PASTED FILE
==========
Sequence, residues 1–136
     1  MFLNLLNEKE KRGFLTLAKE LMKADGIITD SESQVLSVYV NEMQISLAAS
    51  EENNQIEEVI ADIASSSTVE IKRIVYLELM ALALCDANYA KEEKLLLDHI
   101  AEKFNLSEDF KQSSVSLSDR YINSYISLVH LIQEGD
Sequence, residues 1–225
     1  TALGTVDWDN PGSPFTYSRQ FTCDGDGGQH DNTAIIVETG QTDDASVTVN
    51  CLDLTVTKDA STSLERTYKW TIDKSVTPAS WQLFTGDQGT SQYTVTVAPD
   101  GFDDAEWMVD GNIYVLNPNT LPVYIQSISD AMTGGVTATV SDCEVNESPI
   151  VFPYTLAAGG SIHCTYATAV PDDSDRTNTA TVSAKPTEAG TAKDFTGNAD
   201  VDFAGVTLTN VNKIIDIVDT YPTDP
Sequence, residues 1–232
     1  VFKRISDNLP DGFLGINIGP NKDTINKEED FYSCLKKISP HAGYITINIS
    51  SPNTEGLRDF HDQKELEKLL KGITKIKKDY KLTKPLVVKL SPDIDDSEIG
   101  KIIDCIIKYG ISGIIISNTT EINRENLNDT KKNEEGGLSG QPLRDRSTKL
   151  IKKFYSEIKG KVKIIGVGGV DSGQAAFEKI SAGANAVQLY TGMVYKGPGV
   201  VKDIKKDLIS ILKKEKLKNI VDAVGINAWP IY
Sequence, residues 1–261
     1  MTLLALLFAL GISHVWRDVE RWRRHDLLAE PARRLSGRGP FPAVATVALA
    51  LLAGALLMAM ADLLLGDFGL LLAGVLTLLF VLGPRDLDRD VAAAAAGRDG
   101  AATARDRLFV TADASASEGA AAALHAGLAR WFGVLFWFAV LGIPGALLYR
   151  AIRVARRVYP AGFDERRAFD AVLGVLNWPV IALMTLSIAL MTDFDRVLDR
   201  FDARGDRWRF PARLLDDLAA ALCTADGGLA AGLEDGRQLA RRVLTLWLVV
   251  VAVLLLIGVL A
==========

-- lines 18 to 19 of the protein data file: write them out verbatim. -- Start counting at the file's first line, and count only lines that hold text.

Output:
     1  MTLLALLFAL GISHVWRDVE RWRRHDLLAE PARRLSGRGP FPAVATVALA
    51  LLAGALLMAM ADLLLGDFGL LLAGVLTLLF VLGPRDLDRD VAAAAAGRDG